Furthermore, not only “social liberals” but anyone with a stake in maintaining power has a “vested interest in a government that rules not only by law but by economics.” Does James really believe that conservatives are so benign as to not use economic policy as a means of political control? I have a hard time believing that. Nor can I quite reproduce the lines drawn between social liberalism and economic control that James infers. We are forced to take such claims at face value. I find this about as likely as Sullivan’s assertions over the threat of Christianism – which is to say not very.
Prosperity itself seems to be the primary culprit behind the threat of the Pink Police State which James has written about previously – and which, I assume, is the vision of tyranny he alludes to above (or something like it). With prosperity comes a longer leash on our temptations, the purchasing power to succumb to them, the atomization required to shed our traditional social mores – but temptations defy political cliques. Nor can we ever snuff them out entirely, though many have tried. And thus we must shape society not so much to resist them but to protect against their worst effects. That seems like a worthy goal of social conservatives and liberals alike.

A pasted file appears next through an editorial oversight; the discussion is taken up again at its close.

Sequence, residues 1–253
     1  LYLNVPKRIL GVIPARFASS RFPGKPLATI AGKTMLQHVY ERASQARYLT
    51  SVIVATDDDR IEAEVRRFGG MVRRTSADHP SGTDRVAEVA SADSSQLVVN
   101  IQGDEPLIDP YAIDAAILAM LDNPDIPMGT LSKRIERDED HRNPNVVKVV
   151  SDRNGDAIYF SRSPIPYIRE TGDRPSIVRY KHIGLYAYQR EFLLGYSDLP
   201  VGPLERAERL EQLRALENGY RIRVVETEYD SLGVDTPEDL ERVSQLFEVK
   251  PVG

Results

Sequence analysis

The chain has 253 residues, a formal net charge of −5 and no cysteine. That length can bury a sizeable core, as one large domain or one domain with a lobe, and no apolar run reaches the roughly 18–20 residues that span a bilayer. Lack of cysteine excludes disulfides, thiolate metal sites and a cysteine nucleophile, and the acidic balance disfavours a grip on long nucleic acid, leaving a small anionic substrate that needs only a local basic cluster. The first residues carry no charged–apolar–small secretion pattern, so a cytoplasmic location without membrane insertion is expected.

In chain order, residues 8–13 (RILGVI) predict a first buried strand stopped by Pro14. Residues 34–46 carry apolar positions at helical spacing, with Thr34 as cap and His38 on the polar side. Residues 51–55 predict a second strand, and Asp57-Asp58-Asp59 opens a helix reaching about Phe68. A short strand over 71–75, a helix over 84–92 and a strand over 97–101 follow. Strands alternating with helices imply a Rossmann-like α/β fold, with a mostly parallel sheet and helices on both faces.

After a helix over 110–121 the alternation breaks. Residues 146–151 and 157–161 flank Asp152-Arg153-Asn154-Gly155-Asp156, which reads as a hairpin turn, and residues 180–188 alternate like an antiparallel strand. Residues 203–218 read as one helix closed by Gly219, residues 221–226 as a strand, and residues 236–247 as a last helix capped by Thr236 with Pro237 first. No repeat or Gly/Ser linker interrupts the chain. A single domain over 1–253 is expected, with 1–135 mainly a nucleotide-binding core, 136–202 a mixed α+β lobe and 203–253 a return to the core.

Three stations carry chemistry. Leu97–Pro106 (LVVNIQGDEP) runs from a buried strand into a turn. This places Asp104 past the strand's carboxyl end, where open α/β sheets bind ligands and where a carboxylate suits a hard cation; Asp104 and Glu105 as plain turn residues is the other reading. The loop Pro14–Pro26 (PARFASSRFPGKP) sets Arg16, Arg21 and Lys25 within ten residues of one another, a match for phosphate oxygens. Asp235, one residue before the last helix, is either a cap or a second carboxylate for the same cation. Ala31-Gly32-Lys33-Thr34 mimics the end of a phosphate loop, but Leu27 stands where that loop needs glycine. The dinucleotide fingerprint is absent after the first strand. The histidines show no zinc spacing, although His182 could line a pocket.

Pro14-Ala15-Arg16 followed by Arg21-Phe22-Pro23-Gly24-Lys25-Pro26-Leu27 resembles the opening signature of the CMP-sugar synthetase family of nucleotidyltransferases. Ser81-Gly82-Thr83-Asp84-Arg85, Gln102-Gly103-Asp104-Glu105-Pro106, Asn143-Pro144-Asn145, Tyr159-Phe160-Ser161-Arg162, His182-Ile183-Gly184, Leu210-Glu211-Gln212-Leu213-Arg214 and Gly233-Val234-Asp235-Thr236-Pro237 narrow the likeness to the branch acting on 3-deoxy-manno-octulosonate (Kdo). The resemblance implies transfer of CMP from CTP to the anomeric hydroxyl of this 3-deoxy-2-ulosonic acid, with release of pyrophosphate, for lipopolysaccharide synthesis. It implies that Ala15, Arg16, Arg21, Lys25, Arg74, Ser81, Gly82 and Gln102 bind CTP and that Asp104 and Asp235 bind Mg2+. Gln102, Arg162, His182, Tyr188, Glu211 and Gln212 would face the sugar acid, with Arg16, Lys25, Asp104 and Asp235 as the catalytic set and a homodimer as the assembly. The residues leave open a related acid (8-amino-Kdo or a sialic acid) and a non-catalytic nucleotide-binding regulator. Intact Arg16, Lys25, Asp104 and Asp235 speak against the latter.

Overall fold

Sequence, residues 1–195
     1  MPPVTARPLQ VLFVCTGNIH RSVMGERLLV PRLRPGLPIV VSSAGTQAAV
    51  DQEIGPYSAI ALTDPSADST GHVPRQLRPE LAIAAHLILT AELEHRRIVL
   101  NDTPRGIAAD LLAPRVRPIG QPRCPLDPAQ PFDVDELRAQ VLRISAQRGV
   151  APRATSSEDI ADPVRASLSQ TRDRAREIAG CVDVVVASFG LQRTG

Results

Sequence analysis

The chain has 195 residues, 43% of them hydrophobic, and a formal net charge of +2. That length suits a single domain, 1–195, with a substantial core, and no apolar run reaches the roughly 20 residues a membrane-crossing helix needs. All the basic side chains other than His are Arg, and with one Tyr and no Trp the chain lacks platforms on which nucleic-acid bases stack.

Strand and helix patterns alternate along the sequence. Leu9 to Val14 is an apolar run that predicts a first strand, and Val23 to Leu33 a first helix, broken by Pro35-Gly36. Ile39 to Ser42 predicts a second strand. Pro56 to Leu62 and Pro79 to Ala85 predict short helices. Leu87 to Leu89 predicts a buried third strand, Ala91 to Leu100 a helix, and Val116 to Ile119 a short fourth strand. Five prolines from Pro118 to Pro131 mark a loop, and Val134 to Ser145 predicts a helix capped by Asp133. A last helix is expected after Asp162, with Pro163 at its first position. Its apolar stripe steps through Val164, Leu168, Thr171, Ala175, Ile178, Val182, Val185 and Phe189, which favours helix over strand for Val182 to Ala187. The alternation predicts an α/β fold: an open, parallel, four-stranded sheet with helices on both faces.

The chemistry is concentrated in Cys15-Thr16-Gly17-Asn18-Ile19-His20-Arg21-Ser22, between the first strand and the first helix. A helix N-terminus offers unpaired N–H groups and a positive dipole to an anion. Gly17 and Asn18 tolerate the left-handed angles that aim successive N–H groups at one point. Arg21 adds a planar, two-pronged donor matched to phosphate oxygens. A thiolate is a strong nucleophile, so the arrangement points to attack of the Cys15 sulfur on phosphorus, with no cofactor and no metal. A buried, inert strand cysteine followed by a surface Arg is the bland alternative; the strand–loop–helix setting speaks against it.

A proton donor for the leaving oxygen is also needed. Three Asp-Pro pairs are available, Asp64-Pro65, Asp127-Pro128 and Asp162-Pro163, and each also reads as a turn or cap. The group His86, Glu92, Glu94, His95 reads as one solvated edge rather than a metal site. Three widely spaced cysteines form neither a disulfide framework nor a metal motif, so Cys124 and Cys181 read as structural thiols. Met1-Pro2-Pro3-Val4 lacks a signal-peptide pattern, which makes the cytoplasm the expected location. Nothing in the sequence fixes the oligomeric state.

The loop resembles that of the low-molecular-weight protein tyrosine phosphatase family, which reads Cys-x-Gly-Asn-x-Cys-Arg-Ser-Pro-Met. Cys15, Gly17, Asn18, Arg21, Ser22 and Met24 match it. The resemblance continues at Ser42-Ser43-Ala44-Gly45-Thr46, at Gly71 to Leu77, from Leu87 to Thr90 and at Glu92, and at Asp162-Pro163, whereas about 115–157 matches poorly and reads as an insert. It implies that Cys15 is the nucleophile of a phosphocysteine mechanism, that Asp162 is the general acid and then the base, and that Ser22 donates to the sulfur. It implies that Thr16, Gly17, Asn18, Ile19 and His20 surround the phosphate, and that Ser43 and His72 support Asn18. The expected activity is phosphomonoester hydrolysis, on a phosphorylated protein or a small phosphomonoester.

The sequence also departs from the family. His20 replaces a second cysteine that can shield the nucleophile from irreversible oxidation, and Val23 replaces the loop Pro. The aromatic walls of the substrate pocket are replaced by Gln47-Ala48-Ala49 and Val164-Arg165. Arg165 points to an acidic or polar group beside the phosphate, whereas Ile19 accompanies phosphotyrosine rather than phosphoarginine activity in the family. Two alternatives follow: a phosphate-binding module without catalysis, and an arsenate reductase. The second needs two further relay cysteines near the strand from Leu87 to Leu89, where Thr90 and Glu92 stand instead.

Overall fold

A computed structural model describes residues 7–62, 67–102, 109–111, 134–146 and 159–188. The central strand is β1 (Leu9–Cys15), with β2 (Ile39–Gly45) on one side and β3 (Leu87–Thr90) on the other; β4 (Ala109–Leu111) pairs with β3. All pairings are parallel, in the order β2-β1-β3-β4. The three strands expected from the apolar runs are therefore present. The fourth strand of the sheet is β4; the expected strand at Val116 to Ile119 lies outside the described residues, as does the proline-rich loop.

James rallies toward the end, offering up some smart points about the tea parties and the empty promises of the Republican leadership of yesteryear. I am not exactly anti-tea-party myself, though I do find the inconsistencies of the movement distracting and disheartening, and at times I admit to a bit of cynicism and black humor over the whole thing. In that sense, James has some important things to say. The meat of this post, however, leaves an ashy taste.